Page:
Matobo National Park is in southwest Zimbabwe. It’s known for the Matobo Hills, a range of balancing rock formations created by erosion of the granite plateau. The walls of Nswatugi Cave feature Stone Age rock art. The park has significant populations of black eagles and both black and white rhinos. The grave of Cecil Rhodes, founder of former British colony Rhodesia, is carved into the summit of Malindidzimu.
The Matobo National Park forms the core of the Matobo or Matopos Hills, an area of granite kopjes and wooded valleys commencing some 35 kilometres (22 mi) south of Bulawayo, southern Zimbabwe. The hills were formed over 2 billion years ago with granite being forced to the surface, this has eroded to produce smooth "whaleback dwalas" and broken kopjes, strewn with boulders and interspersed with thickets of vegetation. Mzilikazi, founder of the Ndebele nation, gave the area its name, meaning 'Bald Heads'.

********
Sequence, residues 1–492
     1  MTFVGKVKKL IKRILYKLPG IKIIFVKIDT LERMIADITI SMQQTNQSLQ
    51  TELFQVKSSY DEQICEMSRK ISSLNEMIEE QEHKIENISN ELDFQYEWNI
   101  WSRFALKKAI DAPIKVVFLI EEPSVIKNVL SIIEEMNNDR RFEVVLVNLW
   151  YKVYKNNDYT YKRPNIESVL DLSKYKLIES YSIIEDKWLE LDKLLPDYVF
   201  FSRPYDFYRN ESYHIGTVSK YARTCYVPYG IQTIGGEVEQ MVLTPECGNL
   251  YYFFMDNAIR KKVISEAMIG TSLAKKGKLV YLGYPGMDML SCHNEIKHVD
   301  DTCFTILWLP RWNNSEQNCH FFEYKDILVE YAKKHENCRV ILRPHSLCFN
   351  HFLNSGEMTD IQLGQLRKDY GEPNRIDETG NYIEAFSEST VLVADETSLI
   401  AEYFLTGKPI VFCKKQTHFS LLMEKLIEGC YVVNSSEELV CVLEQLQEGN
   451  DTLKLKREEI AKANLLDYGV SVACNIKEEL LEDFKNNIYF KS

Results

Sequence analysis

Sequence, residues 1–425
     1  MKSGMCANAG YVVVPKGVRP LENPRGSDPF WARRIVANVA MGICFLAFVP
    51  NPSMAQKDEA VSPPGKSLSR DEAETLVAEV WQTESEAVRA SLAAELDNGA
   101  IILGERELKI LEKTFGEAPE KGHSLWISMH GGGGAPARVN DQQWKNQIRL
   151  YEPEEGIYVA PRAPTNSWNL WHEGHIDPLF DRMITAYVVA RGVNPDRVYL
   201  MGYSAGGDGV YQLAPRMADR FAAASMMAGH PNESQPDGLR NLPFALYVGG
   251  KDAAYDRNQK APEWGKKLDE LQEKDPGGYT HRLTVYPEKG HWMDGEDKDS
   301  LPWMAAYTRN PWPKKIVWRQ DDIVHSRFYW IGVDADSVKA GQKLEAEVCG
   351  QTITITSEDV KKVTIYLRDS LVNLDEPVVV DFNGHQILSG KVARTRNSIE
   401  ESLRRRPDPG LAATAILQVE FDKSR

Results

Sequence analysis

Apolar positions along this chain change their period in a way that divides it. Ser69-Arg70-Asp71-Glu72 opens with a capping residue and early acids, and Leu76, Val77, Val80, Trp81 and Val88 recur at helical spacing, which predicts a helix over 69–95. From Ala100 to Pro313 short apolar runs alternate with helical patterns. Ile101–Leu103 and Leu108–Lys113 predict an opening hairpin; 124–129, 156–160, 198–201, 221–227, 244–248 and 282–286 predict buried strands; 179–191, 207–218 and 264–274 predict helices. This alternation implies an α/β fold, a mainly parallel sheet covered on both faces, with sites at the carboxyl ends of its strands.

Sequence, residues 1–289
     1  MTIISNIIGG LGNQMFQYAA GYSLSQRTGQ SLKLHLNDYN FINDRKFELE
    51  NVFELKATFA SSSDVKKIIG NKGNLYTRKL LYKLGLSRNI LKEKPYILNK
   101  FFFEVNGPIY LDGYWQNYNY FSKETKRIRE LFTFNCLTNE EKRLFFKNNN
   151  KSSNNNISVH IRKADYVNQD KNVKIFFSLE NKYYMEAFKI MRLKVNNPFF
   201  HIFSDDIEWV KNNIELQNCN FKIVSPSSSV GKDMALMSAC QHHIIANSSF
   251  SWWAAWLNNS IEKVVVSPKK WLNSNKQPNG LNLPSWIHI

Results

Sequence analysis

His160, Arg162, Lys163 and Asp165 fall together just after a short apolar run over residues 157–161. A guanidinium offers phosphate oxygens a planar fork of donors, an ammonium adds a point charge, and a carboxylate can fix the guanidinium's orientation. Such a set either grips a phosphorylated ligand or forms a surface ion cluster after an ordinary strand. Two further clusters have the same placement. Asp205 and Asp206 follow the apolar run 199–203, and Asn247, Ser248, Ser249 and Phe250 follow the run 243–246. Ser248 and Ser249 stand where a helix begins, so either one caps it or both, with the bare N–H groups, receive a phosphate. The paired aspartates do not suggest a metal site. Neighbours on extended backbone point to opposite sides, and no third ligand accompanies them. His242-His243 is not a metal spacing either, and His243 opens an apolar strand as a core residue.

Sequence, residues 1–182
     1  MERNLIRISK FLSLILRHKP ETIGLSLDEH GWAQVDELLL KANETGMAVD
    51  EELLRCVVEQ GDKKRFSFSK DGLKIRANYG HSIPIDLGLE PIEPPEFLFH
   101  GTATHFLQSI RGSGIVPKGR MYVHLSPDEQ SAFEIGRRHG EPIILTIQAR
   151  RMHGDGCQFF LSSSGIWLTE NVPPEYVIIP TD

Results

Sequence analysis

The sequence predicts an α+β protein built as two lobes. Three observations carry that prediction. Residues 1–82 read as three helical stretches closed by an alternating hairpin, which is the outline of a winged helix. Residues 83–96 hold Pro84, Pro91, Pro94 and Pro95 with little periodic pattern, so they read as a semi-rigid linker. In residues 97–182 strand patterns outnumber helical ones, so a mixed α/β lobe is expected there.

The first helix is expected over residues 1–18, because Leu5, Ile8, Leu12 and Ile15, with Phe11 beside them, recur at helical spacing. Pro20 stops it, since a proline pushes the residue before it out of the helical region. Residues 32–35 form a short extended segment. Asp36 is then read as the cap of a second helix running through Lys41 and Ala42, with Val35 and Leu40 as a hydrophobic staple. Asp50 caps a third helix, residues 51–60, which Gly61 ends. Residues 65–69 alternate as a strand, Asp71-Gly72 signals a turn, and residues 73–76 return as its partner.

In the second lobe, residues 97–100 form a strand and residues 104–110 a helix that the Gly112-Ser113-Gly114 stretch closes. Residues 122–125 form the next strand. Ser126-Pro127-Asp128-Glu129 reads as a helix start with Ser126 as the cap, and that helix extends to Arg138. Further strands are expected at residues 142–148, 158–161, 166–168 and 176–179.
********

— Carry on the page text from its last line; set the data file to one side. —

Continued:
The Hills cover an area of about 3100 km² (1200 sq mi), of which 424 km² (164 sq mi) is National Park, the remainder being largely communal land and a small proportion of commercial farmland. The park extends along the Thuli, Mtshelele, Maleme and Mpopoma river valleys. Part of the national park is set aside as a 100 km² (39 sq mi) game park, which has been stocked with game including the white rhinoceros. The highest point in the hills is the promontory named Gulati (1549 m; 5082 ft) just outside the north-eastern corner of the park.Administratively, Matobo National Park incorporates the Lake Matopos Recreational Park, being the area around Hazelside, Sandy Spruit and Lake Matopos. The national park is located within the southern Africa bushveld ecoregion.